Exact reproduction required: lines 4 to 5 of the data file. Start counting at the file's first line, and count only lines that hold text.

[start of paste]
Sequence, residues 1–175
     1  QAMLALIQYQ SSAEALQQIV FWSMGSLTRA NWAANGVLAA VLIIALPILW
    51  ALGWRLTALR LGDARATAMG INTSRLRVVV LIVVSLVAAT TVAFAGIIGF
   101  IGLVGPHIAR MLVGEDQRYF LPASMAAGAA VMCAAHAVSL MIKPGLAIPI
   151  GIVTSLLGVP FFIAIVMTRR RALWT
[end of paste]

   101  IGLVGPHIAR MLVGEDQRYF LPASMAAGAA VMCAAHAVSL MIKPGLAIPI
   151  GIVTSLLGVP FFIAIVMTRR RALWT